The Caribbean Institute for Security and Public Safety has dedicated the theme of its July 2016 ‘Protector’ Magazine to the dark side of social media.

The edition, entitled Social Media, The New Crime Frontier, examines topics such as cyber crime, security and the risks of using social media. I was asked to write on the issue of defamation and social media and the DOs and DON’Ts of posting potentially libelous content on social media networks.

Here’s the full text of my article in The Protector:

The law protects an individual’s personal and professional reputation from unjustified attack.

Defamatory statements are those published or spoken which affect the reputation of a person, company or organization. A defamatory statement in written or any other permanent form (‘published’) is a libel, for which damages can be awarded.

While defamation disputes were once the reserve of big publishers and news broadcasters, social media has changed the landscape of defamation across the world.

The internet has created a new class of publishers: ordinary, everyday people who are posting comments about each other on public forums.

An online comment is potentially libellous in Trinidad and Tobago if it damages someone’s reputation “in the estimation of right-thinking members of society”. It can do this by exposing them to “hatred, ridicule or contempt”.

The internet is laden with many websites where someone could intentionally or accidentally leave a potentially libelous comment or post. These include letters to the editor of local newspapers, public comments on media websites, blogs and comments to blog postings, social media posts and chat rooms.

While some websites screen posts for inflammatory or illegal content, the screening systems are not geared to examine every post for defamatory content, and so many defamatory postings end up online.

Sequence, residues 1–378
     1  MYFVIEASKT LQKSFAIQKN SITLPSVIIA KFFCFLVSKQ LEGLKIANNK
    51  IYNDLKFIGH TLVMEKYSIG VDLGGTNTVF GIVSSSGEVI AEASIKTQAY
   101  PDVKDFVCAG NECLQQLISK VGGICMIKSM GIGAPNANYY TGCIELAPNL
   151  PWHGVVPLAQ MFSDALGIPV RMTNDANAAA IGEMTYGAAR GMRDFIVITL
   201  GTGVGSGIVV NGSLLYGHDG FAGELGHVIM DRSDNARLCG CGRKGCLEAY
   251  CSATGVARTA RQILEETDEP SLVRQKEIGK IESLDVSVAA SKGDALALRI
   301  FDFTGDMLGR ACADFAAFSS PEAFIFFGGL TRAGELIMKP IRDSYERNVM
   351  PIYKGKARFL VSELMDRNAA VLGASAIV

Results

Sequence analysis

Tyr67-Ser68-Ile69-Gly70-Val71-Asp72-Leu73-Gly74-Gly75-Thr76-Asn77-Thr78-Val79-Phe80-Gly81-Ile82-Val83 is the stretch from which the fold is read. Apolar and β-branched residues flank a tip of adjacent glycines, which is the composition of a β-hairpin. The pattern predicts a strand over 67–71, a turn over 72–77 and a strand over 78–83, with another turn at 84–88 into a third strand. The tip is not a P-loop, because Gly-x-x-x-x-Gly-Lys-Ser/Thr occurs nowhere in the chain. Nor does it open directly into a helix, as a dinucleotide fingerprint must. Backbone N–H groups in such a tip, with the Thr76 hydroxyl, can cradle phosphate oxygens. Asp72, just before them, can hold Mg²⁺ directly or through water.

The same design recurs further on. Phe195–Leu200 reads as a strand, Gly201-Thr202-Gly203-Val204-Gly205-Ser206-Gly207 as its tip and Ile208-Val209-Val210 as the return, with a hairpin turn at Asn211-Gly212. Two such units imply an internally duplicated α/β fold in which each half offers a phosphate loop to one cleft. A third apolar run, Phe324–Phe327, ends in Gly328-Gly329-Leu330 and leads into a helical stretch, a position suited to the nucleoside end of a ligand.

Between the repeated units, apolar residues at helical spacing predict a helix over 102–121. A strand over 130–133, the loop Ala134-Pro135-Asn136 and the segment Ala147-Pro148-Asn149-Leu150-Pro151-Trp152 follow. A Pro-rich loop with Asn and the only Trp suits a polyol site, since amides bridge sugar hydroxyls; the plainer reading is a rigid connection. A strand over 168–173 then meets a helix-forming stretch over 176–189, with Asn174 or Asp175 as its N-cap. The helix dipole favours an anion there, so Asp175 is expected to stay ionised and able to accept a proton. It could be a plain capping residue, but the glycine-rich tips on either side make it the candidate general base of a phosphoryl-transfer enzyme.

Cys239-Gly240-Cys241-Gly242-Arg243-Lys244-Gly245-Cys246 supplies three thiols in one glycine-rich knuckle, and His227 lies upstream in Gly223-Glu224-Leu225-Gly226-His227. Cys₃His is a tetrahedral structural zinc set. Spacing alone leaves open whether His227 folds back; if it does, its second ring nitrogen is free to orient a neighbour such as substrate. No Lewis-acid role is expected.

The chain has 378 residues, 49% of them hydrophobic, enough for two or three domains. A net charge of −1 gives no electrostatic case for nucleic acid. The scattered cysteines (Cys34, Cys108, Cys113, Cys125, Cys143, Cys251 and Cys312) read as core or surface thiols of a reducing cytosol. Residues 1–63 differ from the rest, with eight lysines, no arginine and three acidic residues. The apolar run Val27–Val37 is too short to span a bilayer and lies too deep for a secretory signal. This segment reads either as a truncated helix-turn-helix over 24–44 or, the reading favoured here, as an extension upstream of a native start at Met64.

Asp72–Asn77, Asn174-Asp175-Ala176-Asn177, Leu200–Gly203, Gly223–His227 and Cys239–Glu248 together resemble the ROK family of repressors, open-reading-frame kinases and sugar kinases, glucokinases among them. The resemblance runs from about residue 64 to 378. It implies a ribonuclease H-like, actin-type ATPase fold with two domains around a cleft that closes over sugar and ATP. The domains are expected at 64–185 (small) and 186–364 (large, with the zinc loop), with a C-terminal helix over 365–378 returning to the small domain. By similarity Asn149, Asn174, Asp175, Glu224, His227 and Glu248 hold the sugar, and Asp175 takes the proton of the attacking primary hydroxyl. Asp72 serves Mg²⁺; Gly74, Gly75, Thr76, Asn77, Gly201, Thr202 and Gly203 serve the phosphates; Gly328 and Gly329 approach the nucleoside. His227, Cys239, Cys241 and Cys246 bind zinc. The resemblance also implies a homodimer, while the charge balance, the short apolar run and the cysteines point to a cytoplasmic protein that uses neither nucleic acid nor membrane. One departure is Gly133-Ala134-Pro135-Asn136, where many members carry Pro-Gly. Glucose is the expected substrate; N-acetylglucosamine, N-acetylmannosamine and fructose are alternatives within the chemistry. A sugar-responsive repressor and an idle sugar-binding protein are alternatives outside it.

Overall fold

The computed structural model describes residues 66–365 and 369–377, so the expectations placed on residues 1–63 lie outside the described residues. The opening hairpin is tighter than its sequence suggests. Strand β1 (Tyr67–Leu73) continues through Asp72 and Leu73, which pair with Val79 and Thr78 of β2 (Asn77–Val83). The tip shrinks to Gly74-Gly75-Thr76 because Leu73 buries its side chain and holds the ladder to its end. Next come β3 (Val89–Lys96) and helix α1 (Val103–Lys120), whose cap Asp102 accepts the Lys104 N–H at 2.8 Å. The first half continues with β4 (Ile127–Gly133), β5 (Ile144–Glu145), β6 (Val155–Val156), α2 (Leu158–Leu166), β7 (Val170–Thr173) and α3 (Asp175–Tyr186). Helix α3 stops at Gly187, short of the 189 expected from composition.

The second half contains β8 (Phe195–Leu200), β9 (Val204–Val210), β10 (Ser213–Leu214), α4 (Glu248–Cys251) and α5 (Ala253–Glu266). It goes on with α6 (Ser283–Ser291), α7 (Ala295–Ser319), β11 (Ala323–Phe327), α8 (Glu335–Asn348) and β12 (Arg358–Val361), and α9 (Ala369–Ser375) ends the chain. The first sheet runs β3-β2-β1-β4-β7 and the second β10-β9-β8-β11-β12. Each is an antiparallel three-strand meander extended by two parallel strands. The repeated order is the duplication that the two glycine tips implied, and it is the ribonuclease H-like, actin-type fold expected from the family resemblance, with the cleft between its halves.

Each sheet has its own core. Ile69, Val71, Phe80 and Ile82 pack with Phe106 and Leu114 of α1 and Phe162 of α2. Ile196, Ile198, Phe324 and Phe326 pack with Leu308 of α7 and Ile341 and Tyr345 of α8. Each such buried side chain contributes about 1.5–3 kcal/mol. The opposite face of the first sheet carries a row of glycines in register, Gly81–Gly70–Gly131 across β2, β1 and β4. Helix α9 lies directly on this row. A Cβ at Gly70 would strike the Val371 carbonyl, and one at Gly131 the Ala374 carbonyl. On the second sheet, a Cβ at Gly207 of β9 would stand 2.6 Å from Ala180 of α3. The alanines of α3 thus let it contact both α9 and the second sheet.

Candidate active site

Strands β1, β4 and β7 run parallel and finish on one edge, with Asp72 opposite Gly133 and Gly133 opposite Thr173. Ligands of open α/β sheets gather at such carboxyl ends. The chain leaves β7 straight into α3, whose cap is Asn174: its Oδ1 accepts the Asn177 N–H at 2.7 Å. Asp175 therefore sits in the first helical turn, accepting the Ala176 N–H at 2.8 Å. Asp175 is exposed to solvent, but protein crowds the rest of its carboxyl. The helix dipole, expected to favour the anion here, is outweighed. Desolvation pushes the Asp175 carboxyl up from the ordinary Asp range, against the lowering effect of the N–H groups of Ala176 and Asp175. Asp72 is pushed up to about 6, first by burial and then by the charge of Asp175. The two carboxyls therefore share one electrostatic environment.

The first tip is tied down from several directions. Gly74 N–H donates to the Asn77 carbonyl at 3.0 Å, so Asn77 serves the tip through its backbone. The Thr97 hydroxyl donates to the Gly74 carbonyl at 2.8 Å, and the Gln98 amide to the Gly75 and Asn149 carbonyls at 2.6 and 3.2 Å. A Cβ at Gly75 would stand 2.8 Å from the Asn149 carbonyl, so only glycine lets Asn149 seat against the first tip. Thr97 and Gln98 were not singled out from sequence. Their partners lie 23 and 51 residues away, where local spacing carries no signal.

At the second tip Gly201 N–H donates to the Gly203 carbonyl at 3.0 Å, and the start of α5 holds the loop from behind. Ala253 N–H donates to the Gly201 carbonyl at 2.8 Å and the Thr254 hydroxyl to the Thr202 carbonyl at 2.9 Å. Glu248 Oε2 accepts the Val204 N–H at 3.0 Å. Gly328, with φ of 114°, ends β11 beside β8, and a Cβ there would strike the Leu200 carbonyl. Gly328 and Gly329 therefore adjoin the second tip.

Defamation is a civil offence, and a court may award substantial monetary damages to remedy the injustice of a defamatory statement. The court may also impose an injunction prohibiting the defendant from repeating the libel.

The following statements are likely to be defamatory and potentially actionable:

  • Individual X (who may or may not be named explicitly) is a liar, is dishonest or has committed a criminal act.
  • Individual X a drug dealer, a drug user or ‘is involved in’ drugs.
  • Individual X sexually assaulted or attacked individual Y.
  • Individual X has a sexually transmitted disease.
  • Company Z’s products are substandard, dangerous or unhealthy, for example causes cancer.
  • Company Z exploits its workers in some way, for example uses child labour, or pays less than the minimum wage.

The main defence to a libel action is ‘truth’, that is being able to prove that the defamatory allegation is substantially true.

A defendant’s success in libel actions depends on having the evidence to prove the allegations that have been made. Evidence can take many forms and the rules of evidence are complicated. What may seem to be strong, cogent evidence of a particular fact may be inadmissible when it comes to the court case. Witnesses may turn out to be unreliable, have an ‘axe to grind’ or be simply dishonest.

So, if you post a libelous statement online, you must be able to prove definitively that your statement is true, or rely on one of the other defences to defamation.

Even if you’ve secured your account so that only a select few can view it, there’s always a risk that something you share could be reposted elsewhere.

You may not have made the original allegation, but reposting it could be seen as an endorsement and you could be sued. Even if you delete a defamatory post, you can still be sued. The length of time it is visible and whether anyone else has re-posted it, or posted a screenshot of it, may result in an action being brought against you.

In some instances, taking down a defamatory post and issuing an apology may be enough to prevent a person from taking legal action, but this may not always be the case.

Social media users should therefore take extra care about what they post online. As the saying goes: “if you have nothing good to say, it may be best to say nothing at all”.


About The Author Jason Nathu

Jason Nathu is an Attorney-at-Law and Tutor attached to the Legal Aid Clinic at the Hugh Wooding Law School.